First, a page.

Remembering when all things were possible
Growing up in the Midwest after WWII was special. It was a magical time, when Big Brother was in development as a concept of fiction. We were the last generation of kids who could think like Robin Hood and Huckleberry Finn, and experience our dreams and fantasies.
The world was ours to deal with as we saw fit. We could still live as we liked, beholden to no master. If we were clever, anything was possible. And that’s what made my generation so great. We believed that we controlled our destiny.
When I was a kid, people worked at the same company all their lives. They didn’t change jobs every three years in hopes of racing up a proverbial industry ladder. They were rewarded for their loyalty.
Lamentably, the world has changed. Technology has advanced to measures never before considered possible. Unfortunately, that technology has homogenized our thinking and stifled our imaginations – whether “intentionally” is yet to be decided. However, scientific explanation is readily available for anyone seeking to know if theoretical concepts are folly or within the range of possibility, and that alone discourages the timid from exceeding the boundaries of reasonableness.
If mankind had always discarded that which was illogical based on current scientific knowledge, we would never have had electricity or internal combustion engines. For sure, we would have stopped attempting to fly, and the idea of interstellar travel would have remained a myth.
I like to think that the instinctive way of thinking from my youth had a sensibility that gave us hope. It seemed natural to believe that love and marriage were meant to last forever, or at least until “death do us part.” That was the ideal young lovers supported when they entered their union.
Divorce in those days was scandalous. People worked at making their marriages last. Today, drafting a pre-nuptial agreement to handle financial considerations in case a marriage fails is common practice. That practice makes me think that those involved expected their marriage to fail and felt that a “pre-nup” minimized the paperwork.
Even the idea of love having special meaning and magic has evaporated into the ether. People don’t form relationships because of time demands and other pressures. They “hook up” to satisfy physical or societal needs with no sense of loss or obligation. The lyrics to the love songs and ballads of the 1940s and ‘50s refl ect the sentiment of the day. The lyrics in today’s songs likewise reflect the mindset of the times and make the songs of yesterday appear sappy and corny.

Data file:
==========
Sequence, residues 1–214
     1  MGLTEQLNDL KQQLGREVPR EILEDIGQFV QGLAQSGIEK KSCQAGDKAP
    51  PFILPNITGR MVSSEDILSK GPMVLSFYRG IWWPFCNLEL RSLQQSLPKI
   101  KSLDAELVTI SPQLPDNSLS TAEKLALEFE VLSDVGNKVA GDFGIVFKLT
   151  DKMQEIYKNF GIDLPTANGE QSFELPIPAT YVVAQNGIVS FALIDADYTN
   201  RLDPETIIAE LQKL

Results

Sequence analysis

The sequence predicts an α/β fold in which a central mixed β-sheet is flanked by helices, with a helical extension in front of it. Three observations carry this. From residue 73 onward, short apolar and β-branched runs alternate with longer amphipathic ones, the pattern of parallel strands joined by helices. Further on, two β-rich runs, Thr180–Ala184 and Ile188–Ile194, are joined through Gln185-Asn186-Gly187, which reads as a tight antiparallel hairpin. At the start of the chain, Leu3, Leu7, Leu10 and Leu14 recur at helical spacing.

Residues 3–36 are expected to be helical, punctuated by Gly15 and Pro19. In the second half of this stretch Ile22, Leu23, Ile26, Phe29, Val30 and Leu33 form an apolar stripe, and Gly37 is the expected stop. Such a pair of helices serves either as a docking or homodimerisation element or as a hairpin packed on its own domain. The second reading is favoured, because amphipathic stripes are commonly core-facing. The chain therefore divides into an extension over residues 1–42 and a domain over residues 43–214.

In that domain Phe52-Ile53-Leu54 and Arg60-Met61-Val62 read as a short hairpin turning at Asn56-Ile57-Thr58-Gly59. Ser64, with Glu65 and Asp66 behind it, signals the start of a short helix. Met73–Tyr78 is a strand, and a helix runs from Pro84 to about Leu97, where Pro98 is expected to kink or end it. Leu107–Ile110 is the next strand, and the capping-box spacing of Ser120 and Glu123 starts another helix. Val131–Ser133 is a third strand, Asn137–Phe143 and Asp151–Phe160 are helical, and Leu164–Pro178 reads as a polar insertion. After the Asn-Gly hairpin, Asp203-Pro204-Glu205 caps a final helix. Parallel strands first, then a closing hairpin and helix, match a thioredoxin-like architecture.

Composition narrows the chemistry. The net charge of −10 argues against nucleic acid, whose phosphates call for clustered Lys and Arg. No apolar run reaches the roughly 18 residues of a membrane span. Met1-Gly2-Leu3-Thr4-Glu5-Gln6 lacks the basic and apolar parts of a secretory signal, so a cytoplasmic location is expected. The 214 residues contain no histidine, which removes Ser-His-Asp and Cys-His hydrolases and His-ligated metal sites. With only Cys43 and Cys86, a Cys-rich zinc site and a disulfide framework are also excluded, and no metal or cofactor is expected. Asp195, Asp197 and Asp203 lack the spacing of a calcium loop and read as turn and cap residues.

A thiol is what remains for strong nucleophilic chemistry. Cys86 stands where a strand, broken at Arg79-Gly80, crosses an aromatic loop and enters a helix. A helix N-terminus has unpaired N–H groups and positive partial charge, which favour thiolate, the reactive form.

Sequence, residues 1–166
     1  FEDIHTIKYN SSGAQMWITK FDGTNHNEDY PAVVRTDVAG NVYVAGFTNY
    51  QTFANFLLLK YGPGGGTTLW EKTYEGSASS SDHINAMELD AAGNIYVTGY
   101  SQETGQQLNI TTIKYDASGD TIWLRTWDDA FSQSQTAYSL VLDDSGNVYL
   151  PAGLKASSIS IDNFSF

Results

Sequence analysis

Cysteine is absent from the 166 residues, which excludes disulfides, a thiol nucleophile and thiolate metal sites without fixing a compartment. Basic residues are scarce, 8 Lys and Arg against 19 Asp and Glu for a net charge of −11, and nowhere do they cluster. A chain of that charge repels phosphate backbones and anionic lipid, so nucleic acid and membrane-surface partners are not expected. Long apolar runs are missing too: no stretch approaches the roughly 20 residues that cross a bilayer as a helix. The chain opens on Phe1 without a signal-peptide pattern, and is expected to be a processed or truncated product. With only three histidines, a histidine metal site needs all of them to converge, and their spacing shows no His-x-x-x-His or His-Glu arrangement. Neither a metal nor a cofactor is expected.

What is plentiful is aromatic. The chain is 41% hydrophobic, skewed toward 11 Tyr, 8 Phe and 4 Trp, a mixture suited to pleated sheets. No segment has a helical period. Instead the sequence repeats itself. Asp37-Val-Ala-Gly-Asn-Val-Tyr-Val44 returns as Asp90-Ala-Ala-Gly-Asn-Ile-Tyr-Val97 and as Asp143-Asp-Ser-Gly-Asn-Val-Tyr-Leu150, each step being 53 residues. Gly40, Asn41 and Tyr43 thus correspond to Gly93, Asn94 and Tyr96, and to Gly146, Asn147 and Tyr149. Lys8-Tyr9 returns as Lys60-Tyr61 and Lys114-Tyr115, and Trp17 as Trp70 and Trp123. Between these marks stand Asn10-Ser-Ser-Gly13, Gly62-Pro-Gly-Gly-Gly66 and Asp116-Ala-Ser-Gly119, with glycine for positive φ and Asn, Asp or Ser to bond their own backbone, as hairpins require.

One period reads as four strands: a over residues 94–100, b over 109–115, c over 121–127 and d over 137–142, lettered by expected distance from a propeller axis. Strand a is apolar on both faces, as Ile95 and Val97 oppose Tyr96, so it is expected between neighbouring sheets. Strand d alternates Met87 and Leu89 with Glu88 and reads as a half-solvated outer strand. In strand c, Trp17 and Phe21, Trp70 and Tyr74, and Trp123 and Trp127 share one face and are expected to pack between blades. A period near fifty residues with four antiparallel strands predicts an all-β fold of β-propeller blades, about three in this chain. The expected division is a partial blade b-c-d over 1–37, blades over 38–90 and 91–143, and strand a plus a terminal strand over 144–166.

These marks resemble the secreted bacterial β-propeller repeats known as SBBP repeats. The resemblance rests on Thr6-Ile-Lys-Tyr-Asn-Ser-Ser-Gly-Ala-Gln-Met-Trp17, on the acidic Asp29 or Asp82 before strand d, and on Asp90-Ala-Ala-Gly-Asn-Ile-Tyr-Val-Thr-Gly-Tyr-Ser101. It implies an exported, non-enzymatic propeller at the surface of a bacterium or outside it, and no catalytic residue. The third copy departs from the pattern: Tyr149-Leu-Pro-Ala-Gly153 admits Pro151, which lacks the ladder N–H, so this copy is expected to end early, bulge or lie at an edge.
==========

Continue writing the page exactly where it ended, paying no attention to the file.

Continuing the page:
Not only has our mindset changed, our values appear to be calculated using information gleaned from a computer database. We talk about teaching our children with accelerated methods of learning and uniform ways of thinking, as if we were programming them instead of teaching them. They don’t go out to explore the world and discover life. They learn everything through second-hand information, including their values and political position. That is frightening.
Programming a generation to think, believe and digest information that they are going to live by for the rest of their lives would have been the stuff of dark science fiction when I was a boy. When we look at the big picture, and the contrasting ideologies that people are dying to defend in today’s world, it is difficult to deny that we are turning into human versions of modern robots.
Political correctness is causing societal divisions to become more pronounced by forcing acceptance of diversity. We are encouraging hostilities, not stopping them. What was wrong with our country being founded on a Judeo-Christian religious platform? We were once proud to allow people with different beliefs to practice their religion without persecution. It was an example for the world to follow.
Now, we are taking strides to deny our beliefs as a culture, to assure that those who do not share our ideology are not offended. That is not what America’s founders intended. If we keep thinking this way, “God Bless America” will be deleted from our repertoire of patriotic songs.
I want to believe in the magic of love, enduring marriage and the right to practice my religion with impunity and without embarrassment. I want my Christmas cards to say “Merry Christmas,” my kids to believe in Santa Claus and I want to believe that one day, I will be able to personally fly. I like life in the American system that I can’t understand.